Employers benefit from pay transparency in the hiring process as well. I’ve found that employers waste less time on poor-fit candidates in the hiring process when they openly advertise the pay rate for the position and mention it in the application and screening process. There is nothing quite as frustrating as sending a candidate through multiple rounds of interviews only to have the applicant withdraw because the pay offered did not meet their expectations (It blows my mind how often this happens).
If it feels like you’ve heard the phrase “Women make 70 cents for every dollar men make” for the past decade, it’s because you have. And despite years of sporadic news coverage, articles, Memes, GIFs, and social media shares, women STILL receive significantly lower earnings than men for the same types of work. The disparity is more or less pronounced depending on factors like people’s industry and race. For example, the US Census Bureau reported the median earnings of all women in Sales in 2020 to be 69% of what men in the same industry made. For the same industry, Black women’s median earnings were only 47% of what white males earned.
All pay equity and transparency policies are not created equal. To maximize the ROI of your organization’s pay equity and transparency policy, you’ll need to lay the groundwork.
Before you shout your pay equity and transparency policy from the rooftops, conduct a friendly audit to ensure that there are no existing pay equity issues.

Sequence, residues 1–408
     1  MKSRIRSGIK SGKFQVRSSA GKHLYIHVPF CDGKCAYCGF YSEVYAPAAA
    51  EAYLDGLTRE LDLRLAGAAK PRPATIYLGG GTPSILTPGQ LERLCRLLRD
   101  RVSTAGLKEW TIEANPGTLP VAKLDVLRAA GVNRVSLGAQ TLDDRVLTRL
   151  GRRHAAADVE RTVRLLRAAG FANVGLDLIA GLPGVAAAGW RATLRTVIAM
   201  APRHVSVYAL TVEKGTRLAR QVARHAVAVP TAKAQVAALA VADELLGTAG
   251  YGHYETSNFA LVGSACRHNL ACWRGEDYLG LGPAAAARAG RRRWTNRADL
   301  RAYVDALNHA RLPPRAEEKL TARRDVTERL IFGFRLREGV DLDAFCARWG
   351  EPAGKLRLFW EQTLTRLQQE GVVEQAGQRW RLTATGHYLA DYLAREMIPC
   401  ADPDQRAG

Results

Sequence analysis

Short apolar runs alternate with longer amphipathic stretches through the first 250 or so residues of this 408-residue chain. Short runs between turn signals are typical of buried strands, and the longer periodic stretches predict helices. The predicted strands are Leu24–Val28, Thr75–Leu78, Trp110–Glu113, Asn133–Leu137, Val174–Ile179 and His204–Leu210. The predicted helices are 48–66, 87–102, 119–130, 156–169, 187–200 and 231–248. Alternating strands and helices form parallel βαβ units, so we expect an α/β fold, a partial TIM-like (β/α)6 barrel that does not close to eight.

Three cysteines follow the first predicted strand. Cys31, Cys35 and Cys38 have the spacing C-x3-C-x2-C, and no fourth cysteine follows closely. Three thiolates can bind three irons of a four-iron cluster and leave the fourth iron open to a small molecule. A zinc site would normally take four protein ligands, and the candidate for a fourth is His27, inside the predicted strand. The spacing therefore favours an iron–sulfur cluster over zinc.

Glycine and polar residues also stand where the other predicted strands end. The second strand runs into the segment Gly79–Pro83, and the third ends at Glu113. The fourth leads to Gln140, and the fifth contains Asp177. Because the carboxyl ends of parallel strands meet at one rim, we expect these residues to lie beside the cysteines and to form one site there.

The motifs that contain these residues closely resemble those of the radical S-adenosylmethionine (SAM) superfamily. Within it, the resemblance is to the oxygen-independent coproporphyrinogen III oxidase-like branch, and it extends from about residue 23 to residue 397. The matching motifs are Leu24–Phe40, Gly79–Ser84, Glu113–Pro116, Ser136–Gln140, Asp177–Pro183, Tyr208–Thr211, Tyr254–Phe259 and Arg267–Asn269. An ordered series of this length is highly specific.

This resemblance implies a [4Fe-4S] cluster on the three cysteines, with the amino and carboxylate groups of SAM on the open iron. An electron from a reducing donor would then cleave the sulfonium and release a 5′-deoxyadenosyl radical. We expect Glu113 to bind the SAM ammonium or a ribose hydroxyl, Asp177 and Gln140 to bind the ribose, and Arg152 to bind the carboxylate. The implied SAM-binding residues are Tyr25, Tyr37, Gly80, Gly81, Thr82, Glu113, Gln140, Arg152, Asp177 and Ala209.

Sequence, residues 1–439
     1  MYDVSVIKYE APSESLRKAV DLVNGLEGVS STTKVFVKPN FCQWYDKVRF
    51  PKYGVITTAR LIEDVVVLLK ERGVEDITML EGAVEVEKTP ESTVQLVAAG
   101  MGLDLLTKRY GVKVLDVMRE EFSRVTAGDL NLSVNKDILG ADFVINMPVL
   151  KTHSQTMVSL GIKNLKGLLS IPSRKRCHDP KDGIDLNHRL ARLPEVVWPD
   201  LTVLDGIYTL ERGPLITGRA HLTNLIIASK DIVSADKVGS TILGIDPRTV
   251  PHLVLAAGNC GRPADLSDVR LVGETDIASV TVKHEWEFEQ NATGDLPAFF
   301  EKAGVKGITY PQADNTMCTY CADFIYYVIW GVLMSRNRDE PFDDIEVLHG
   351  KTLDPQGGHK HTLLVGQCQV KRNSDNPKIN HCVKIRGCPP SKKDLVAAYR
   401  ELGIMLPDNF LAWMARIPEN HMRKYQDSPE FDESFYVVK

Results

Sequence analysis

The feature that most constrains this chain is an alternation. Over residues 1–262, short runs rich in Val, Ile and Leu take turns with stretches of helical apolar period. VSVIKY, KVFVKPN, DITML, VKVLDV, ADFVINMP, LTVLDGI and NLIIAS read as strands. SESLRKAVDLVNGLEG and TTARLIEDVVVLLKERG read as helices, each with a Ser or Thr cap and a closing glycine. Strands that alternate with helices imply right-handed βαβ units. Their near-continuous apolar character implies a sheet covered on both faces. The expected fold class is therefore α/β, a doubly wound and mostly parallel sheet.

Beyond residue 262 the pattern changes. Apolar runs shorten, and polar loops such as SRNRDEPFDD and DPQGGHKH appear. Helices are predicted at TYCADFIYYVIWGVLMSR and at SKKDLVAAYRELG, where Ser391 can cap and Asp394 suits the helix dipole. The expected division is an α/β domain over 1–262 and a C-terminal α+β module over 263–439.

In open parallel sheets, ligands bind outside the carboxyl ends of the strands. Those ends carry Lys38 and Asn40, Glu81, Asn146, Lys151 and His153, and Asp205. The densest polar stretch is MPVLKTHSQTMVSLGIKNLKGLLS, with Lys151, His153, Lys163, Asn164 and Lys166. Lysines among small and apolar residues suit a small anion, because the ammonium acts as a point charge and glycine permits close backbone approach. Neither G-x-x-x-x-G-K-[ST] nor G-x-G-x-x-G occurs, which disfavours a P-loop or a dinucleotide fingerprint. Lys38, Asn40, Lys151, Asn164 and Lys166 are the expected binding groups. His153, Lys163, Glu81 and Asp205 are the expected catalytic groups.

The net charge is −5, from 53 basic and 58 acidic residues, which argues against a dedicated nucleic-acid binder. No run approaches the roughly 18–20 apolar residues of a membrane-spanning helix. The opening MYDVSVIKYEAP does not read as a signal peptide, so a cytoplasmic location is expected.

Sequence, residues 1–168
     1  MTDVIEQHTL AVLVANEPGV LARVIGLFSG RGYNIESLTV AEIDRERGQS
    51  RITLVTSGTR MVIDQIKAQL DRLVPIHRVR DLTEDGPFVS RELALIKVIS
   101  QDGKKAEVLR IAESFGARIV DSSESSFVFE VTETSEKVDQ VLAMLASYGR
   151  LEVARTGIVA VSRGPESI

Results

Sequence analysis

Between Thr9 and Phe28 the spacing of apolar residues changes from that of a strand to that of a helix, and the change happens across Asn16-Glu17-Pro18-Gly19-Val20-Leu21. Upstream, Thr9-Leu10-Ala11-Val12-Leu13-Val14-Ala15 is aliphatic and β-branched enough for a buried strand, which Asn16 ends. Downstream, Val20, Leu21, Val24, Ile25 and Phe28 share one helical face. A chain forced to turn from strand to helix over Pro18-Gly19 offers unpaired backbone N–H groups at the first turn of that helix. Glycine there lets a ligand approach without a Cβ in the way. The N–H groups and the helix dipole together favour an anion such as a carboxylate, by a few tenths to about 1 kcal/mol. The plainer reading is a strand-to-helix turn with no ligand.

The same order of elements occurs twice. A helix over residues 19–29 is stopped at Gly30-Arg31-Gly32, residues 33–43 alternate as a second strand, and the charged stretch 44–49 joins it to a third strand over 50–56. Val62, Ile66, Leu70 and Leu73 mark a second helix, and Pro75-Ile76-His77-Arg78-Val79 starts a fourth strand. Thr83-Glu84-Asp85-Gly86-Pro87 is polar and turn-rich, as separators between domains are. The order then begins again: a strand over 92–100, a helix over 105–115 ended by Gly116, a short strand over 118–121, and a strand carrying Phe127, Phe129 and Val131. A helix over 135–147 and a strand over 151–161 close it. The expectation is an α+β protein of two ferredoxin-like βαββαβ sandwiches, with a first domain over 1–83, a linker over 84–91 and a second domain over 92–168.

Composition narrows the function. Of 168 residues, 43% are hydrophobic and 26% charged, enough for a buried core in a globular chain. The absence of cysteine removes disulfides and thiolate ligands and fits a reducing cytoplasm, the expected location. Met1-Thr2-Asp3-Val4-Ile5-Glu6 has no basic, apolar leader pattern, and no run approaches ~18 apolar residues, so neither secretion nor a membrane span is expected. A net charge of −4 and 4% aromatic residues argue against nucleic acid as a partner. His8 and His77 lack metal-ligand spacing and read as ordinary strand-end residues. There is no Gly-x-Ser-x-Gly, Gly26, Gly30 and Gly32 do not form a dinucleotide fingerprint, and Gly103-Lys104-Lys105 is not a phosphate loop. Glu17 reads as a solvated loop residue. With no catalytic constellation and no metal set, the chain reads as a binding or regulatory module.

Run a report in your HR System that includes (at minimum) all active employees’ names, job titles, hire dates, base wage, OTE, gender, age, race, ethnicity, disability status, veteran status, education level, skills, certifications and experience level/years of job-related experience. HR Systems that are able to aggregate data from multiple sources by integrating with multiple apps are hugely helpful for this kind of project.
Make sure that any differences in pay for people performing the same work are based on legally acceptable criteria. In most states (but not all!) criteria such as demonstrable skill level, years of job-related experience or years of service with the company count as legitimate reasons for pay differences.
Ensure that your policy complies with the laws of all states and localities in which you intend to hire employees or currently employ people. This includes not retaliating against (i.e. disciplining, demoting, docking pay, etc.) employees for complaining about their pay.
You can set your organization up for success with a pay equity and transparency policy that is:
With the right pay policies, practices, and structures in place, your organization can engage and retain valued employees, while reducing liability. So keep an open door, an open mind, and an open tab for updating that compensation spreadsheet!